A majority of New Yorkers want to live in smoke-free apartment buildings, according to a new Quinnipiac poll, but less believe City Hall should outright ban smoking inside people's homes.
New York City voters, by a %59- %39 margin, want to live in a building where smoking is prohibited, according to the poll. 53 percent however, also said they think city government shouldn't pressure building owners into enforcing a ban.
"New York City voters have a love-hate relationship with 'Nanny Government,' said Maurice Carroll, director of the Quinnipiac University Polling Institute. "They would like their landlord or their condo or coop board to ban indoor smoking, but they don't want City Hall to pressure building owners to take that step."
In April, former smoker Mayor Michael Bloomberg proposed legislation that would require building owners, according to The Wall Street Journal, to draw up written policies on where smoking is and isn't permitted (balconies, stoops, lobbies, courtyards, individual apartments, roofs etc...) and show the rules to tenants. Officials predict the measure would increase the number of smoke-free apartment buildings in New York City, according to The Journal.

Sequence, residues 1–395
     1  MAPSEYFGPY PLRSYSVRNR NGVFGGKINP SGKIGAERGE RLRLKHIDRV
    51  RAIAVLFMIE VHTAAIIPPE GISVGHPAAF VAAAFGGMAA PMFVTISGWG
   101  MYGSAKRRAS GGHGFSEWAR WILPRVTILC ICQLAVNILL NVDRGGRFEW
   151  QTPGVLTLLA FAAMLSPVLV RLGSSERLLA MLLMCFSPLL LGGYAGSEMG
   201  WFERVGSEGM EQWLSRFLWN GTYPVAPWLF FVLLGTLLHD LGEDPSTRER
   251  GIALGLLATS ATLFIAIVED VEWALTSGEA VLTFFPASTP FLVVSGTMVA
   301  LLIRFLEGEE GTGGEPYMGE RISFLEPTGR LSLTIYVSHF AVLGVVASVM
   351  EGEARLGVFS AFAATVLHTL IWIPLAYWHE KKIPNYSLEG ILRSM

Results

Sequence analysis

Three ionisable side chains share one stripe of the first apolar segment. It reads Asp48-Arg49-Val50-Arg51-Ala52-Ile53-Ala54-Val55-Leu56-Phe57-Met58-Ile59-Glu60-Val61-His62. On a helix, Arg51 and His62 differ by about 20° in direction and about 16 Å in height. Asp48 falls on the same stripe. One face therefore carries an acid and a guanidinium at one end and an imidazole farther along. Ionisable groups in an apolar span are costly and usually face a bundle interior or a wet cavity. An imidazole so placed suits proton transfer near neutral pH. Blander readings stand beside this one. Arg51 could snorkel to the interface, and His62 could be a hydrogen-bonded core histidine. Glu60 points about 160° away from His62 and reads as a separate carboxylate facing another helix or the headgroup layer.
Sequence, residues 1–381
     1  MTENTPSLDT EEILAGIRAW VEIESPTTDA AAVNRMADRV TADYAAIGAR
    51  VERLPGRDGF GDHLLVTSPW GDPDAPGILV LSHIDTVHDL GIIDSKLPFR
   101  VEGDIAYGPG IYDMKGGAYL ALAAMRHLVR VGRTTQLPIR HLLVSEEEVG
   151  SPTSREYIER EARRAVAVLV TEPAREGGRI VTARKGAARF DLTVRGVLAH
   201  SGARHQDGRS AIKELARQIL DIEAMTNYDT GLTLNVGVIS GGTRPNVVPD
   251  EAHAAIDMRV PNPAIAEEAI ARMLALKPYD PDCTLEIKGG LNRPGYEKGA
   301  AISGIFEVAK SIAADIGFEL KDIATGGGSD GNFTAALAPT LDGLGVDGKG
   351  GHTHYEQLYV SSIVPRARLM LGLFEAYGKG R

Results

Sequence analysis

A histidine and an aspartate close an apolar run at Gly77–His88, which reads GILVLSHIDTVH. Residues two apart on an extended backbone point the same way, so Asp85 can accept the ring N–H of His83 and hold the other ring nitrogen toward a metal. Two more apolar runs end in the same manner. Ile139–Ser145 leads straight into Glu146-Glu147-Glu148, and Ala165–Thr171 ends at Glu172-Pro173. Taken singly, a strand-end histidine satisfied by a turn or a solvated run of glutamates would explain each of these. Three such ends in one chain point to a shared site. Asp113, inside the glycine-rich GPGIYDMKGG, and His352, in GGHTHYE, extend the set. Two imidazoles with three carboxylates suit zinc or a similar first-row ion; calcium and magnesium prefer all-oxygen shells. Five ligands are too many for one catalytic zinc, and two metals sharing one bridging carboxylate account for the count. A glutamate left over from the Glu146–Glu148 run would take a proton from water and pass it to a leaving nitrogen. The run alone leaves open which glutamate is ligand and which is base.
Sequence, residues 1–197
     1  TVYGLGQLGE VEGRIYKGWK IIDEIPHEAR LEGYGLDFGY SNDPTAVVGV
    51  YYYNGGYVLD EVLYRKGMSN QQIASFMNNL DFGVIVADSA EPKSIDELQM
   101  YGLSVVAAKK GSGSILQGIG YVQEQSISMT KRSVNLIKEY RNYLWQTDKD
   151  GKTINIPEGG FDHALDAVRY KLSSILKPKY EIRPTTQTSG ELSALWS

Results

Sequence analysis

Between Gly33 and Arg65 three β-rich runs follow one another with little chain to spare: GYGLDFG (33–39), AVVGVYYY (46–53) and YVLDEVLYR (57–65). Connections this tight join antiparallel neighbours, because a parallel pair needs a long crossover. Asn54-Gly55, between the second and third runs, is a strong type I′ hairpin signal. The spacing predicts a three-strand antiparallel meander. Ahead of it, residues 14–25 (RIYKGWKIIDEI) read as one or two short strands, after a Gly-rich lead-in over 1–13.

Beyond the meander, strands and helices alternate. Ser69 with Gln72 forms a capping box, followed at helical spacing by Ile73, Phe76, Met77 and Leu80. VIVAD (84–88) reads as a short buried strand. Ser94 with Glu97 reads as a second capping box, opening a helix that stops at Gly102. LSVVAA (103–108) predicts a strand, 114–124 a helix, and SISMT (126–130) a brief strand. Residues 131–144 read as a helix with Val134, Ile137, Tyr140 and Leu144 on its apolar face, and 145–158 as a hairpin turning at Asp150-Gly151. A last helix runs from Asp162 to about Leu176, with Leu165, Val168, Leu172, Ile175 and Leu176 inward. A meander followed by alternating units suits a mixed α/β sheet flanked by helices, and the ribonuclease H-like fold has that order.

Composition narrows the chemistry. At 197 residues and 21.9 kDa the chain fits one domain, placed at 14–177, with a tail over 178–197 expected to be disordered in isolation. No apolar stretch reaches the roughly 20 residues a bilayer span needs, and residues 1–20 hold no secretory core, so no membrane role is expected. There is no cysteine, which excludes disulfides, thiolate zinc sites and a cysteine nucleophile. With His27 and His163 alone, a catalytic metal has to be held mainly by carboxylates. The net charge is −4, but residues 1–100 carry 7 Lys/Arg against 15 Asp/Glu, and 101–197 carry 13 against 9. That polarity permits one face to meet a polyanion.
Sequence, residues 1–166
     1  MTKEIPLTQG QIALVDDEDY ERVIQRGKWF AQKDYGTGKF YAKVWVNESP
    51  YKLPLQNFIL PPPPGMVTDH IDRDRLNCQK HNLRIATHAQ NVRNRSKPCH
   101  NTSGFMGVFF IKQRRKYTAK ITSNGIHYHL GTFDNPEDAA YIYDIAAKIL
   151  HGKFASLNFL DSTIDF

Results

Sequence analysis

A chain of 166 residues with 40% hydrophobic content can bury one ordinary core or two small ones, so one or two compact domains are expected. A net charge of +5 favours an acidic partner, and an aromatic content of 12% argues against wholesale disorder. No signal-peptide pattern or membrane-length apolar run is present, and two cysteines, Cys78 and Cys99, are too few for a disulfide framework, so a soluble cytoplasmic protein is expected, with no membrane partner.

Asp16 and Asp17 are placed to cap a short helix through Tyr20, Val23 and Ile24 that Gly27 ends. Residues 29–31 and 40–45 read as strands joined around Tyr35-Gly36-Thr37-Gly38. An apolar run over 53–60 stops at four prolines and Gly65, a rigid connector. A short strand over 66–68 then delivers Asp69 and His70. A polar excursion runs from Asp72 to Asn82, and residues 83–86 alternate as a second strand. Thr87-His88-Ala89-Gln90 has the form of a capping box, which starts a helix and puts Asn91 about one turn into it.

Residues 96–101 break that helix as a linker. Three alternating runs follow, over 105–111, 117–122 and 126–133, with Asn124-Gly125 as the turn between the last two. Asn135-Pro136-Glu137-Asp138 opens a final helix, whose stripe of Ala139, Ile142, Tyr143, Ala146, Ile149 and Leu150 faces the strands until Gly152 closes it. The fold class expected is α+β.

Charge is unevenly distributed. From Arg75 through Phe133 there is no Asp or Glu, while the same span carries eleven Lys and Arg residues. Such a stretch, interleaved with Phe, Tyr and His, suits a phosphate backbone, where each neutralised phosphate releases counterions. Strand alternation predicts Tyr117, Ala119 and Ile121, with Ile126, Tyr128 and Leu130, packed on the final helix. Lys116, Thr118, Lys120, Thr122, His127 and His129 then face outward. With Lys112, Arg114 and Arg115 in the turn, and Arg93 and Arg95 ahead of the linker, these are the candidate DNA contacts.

“It seems to be something that a lot of people want,” Bloomberg-- who recently compared smoking to jumping off a bridge-- said at the time. “It’s not regulating what the rules are in a building, but before you rent an apartment, you would know whether or not other people are smoking.”
But would Bloomberg actually take that extra step and try to ban smoking in apartments?
Last summer, when Bloomberg introduced the ban on smoking in public parks, beaches and pedestrian plazas, he told a caller to his WOR-AM radio show, "the police will not be enforcing this. That's not going to be their job."
"This is going to be enforced by public pressure," he added. In effect, the mayor was saying people wouldn't be penalized.
But as of April 18, 2012, 108 summonses had been issued to people smoking in parks this year, a stark rise from the meager 84 tickets issued from last May through the end of 2011. In the first month of the ban, only one ticket was issued. Tickets can cost a smoker up to $300, a number 6 times greater than previously made public.
Then again, there's nothing quite like waking up on a crisp spring morning to your downstairs neighbor's stale Camels.
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